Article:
Our concert this week is called “MOSAIC”. Every piece on the program is by an American, and each piece truly unique. We’re really excited about the blend of old and new on this program and the breathtaking variety of style. From traditional classical, modernist mastery, jazz, blues and folk – it’s all in here! Learn a little more about the music from the musicians themselves in this post.
October 19, 8:00 pm
The Chapel Venue – tickets include 2 drinks.
$10 in advance, $15 at the door. Online ticket purchase click here.
October 24, 7:30pm
Chamber Music Series
Danforth University Center, Washington University – in the Goldberg Formal Lounge
Jennifer Gartley, flute
Dana Hotle, clarinet
Adrianne Honnold, saxophone
Elizabeth Ramos, violin
Laura Reycraft, viola
Stephanie Hunt, cello
Christopher Haughey, bass
JOAN TOWER Petroushskates (flute, clarinet, violin, cello, piano)
Dana “I about fell out of my chair the first time I heard Petroushskates I loved it so much. It is so colorful and vibrant. Joan achieves these bright, shimmering, brilliant colors with just these 5 instruments, almost exactly the same colors the composer Stravinsky gets with a full orchestra. Stravinsky’s famous ballet, Petroushka, is one of her sources of inspiration for this unique piece. The other source, figure skating, seems completely at odds with her first source: an iconic ballet by a Russian master, but somehow, she makes it work! I love the tension that these two seemingly unrelated ideas create in this short piece. I’m excited to finally play music by Joan Tower, one of the great American composers of the 20th Century, and one of the first female composers to really “make it”. She was the Conductor in Residence at the St. Louis Symphony in the ’80s, so she has this great St. Louis connection as well.”
Jennifer “The Tower never lets up, I can never stop counting even for a second. In practicing this work, the rhythmic element is just so challenging, but the effect should be a mix of the ultra complicated coupled with a feeling of effortlessness… which doesn’t completely make sense until you hear it.”
AARON COPLAND Piano Variations (solo piano)
This is not your everyday piece of music. This is not your everyday composer. One of the most popular American composers of all time, you get to hear a side of Copland you may not have heard before in his Piano Variations (1930). This piece put him on the map as a very serious artist. This music is “ART” in the highest sense of the word. It falls into the category of “Modernism”, which basically means a style of music in which a composer is trying to break out of the traditional ways of using melody, harmony and rhythm, often times failing to create anything lasting. But not Aaron, he succeeds brilliantly. This music is bracing and angular, representing the incredible changes in society in the early to mid 20th century. Think machines, technology, urbanism – expressed in a very elegant and concise vocabulary. We’ve rented a brand spanking new Yamaha Concert Grand piano for this concert, and Nina is going to show you everything it can do with the Copland!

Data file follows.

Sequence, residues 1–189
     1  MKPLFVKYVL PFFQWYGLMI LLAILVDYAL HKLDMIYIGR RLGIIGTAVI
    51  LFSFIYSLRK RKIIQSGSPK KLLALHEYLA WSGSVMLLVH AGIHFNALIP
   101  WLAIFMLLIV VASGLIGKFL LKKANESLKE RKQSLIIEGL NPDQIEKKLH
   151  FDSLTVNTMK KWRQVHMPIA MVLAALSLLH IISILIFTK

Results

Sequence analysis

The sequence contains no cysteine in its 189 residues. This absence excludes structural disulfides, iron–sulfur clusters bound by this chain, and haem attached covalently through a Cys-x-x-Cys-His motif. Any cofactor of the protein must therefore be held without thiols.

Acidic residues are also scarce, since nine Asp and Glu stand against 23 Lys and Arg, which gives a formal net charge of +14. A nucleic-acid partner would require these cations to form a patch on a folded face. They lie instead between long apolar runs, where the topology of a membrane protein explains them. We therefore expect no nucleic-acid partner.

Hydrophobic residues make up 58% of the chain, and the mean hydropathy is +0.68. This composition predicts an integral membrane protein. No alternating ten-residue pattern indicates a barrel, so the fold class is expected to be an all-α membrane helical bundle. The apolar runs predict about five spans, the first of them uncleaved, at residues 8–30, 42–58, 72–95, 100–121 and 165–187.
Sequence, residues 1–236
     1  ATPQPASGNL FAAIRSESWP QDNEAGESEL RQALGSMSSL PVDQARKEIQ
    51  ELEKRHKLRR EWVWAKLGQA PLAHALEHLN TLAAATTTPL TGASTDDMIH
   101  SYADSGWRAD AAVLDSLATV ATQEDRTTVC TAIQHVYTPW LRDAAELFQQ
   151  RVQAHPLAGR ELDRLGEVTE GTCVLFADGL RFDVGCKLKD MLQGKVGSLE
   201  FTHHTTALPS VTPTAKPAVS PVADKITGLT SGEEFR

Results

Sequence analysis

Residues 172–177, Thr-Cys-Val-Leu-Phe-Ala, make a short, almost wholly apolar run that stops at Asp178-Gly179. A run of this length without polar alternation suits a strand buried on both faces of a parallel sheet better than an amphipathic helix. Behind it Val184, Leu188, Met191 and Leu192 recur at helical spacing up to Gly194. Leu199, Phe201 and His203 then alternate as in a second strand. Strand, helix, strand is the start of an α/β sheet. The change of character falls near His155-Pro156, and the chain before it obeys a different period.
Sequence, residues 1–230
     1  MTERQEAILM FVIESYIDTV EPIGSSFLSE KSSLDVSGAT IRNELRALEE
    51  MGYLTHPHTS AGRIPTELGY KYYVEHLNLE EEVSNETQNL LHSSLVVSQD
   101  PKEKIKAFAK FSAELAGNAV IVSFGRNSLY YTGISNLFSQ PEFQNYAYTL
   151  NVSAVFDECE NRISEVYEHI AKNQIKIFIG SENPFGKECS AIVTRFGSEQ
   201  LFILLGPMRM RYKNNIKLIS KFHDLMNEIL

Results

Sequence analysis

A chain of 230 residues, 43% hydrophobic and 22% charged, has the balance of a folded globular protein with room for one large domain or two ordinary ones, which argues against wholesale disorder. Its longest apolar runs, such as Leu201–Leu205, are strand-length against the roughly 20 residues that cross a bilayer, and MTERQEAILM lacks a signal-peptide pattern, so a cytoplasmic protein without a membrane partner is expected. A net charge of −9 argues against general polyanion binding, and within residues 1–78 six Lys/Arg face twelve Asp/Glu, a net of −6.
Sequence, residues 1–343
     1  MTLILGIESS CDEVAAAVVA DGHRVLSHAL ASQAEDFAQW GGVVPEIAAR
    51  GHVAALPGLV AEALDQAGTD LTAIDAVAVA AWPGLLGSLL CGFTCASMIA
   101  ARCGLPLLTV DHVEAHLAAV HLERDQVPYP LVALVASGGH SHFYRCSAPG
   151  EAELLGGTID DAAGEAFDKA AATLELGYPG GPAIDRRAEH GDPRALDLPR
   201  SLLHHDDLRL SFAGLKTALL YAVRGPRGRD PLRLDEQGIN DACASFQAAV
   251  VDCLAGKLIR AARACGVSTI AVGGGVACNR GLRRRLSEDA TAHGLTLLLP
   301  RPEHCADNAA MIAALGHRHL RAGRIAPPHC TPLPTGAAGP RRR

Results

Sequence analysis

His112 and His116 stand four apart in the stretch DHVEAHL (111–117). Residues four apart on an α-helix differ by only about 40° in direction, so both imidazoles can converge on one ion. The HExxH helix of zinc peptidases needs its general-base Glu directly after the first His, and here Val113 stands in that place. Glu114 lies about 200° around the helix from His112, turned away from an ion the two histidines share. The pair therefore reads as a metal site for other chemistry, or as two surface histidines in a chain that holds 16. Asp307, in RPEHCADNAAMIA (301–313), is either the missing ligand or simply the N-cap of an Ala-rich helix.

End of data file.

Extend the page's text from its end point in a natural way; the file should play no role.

MASON BATES Life of Birds (flute, clarinet, violin, cello)
Jennifer “I have been intrigued by Mason Bates for a few years and I first heard about him in his role with the New World Symphony in creating these really cool electronica/classical crossover concerts that were held in clubs late night. After a little bit of research, I found that he also composed acoustic works and this work just seemed to fit perfectly with our programming. I like his approach to narrative within a work, and even though flute players sometimes get a little tired of being compared to birds, this new approach by Bates really caught my interest. I can’t wait to play this, it has been on my wish list for a couple of years.”
Dana “Life of Birds is amazing. It’s playful, jazzy, modern and soulful all at the same time. we had a blast rehearsing it at a Very Open Rehearsal at STLCC last week!”
EVAN CHAMBERS Come Down Heavy (violin, saxophone, piano)
Adrianne “Evan Chambers, the composer of Come Down Heavy, is a contemporary American composer and a traditional Irish fiddler. As you might imagine, he often unites the contemporary and the traditional in his music, and Come Down Heavy is no exception. The piece starts out with a blues-styled line in the saxophone part but quickly evolves into a more avant-garde imagining of the melody utilizing the extended range of the saxophone and rhythmic complexity in the ensemble as a whole. At one point the instruction to the performers in the score says “Cataclysmic”, which I’ve never seen in a piece of music!
Throughout the first movement, the piece goes back and forth between these bluesy folk tune melodies and a more modern representation of those melodies. The second and third movements of the piece are more traditional, with the second movement featuring a beautiful melody performed by the fiddle and the third movement featuring the saxophone. Finally, the fourth movement, “Drill Ye Tarriers” employs different types of dance forms and ends with a frenzied flourish in the form of a tarantella. [a tarantella is an old Italian dance form that has to do with spiders, you can read about it here] Throughout the piece Chambers uses traditional Irish, Scottish and even Italian folk ideas, a nod to both his own heritage and to the varied heritage of America. This piece can get pretty wild, but just keep listening! You’re never far from another folk tune. ”
GEORGE GERSHWIN “Someone to Watch Over Me” (saxophone, string quintet)
An American Classic, sweetly arranged for sax and strings. Check out this beautiful rendition by the incredible Ella Fitzgerald.